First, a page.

With increasing digital connection, individuals and businesses rely heavily on cyber security to protect their sensitive information.
That's one reason Topeka-based Century Dynamic Technology Solutions teamed up with the Greater Topeka Partnership Wednesday to host a free Cyber Security Summit on the Washburn University campus.
Around 150 people registered to attend the summit, according to Mitch Miller, vice president of Century Dynamic's business technologies dynamic division. That's more than double the number of people who attended a similar event Century Dynamic held three years ago. Attendees ranged from business leaders to concerned citizens.
"In three years, cyber security has just blown up," Miller said. "I mean, the attacks, the malware — all these things happening in the cyber world have just caused people to look closer and closer at 'How am I protecting myself? How can I prevent scenarios against my company? Am I insured properly?'"
The summit brought in speakers from the Kansas Bureau of Investigation, CoreFirst Bank & Trust, the U.S. Department of Homeland Security, WatchGuard Technologies and Brier Payne Meade Insurance. Presenters talked about issues ranging from all things digital forensics to the need for cyber security insurance.
"Education is key, not only for small businesses but for everybody," said Justin Sharples, CoreFirst's senior vice president of information security.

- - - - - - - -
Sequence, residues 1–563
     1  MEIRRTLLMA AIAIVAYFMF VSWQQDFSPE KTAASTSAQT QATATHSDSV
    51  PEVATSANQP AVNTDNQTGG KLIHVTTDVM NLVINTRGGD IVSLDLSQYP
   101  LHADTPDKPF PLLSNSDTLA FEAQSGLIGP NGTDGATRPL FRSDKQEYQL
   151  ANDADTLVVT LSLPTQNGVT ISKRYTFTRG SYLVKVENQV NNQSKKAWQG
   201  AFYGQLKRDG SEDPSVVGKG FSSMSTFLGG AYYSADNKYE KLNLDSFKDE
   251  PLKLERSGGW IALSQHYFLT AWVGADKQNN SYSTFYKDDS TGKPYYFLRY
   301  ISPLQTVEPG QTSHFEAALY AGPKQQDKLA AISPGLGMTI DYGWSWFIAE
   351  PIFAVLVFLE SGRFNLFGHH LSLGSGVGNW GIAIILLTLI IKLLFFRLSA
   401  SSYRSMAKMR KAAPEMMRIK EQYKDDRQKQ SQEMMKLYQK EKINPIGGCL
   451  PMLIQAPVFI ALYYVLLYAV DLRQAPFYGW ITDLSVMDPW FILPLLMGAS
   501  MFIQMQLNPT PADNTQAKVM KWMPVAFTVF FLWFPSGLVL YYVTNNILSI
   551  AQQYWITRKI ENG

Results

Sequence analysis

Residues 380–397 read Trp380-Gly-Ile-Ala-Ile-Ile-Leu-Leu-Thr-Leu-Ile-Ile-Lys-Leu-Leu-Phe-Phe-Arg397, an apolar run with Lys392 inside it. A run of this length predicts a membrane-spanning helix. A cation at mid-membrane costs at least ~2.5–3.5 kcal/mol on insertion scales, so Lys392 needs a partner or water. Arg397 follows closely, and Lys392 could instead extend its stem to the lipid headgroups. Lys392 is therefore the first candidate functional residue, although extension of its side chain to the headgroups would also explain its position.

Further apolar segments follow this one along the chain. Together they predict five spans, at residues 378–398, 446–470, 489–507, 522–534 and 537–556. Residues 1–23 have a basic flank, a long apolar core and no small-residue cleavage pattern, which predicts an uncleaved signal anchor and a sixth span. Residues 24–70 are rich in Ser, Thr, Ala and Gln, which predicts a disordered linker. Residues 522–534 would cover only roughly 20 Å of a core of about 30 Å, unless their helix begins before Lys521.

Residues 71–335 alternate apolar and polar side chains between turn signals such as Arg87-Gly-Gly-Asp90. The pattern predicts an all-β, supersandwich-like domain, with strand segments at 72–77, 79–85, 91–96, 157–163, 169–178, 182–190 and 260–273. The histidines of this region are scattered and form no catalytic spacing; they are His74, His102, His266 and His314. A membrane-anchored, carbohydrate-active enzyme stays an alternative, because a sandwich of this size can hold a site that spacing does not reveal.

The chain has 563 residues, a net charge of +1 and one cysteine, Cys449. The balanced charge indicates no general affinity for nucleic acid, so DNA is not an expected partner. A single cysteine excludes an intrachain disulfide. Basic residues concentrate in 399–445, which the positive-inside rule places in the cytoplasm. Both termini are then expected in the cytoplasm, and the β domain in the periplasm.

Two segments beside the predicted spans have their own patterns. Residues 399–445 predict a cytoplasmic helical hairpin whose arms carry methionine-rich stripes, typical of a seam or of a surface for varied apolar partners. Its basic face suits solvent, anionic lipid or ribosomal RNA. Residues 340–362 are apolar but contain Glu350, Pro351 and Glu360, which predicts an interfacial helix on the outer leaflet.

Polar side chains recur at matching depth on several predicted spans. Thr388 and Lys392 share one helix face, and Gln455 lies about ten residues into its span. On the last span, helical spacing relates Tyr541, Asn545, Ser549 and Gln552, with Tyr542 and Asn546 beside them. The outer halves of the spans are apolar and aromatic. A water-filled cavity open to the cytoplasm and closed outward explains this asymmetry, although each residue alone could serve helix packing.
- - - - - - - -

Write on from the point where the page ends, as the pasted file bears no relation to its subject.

"There are a lot of monetary losses that are occurring all over, for small businesses in particular," Sharples said. "They are, unfortunately, being targeted by unknown hackers and are suffering some fairly significant losses."
He added its important for people to be aware of how they can protect their accounts and be careful when it comes to giving out private information.
"People need to be aware that the bank's not going to call and ask for the pin number or credit card number, and they need to just be a little more cautious with email and phone and electronics in general," Sharples said.
But, as Brett Gamso, property and casualty agent for Brier Payne Meade Insurance, noted — not all breaches in information are avoidable.
Gamso talked Wednesday about how important it is for businesses to have cyber liability insurance to help them recover if they experience data breaches or hacks.
"The costs associated with a data breach are significant. Average cost in the U.S. is $83.8 million for a data breach, according to an IBM study last year," Gamso said. "And 60 percent of small businesses who do suffer a data breach go out of business."
He added educational opportunities like Wednesday's summit are key when it comes to informing the public on cyber issues.
"It's an eye-opener to how real the risk is," he said. "We don't hear about it every day. We hear about the big breaches at the big companies but not about how sensitive our data really is."
Miller said the event was strictly educational, and there was one big takeaway.
"Everything now is digitally connected," Miller said. "Everything has to be secured."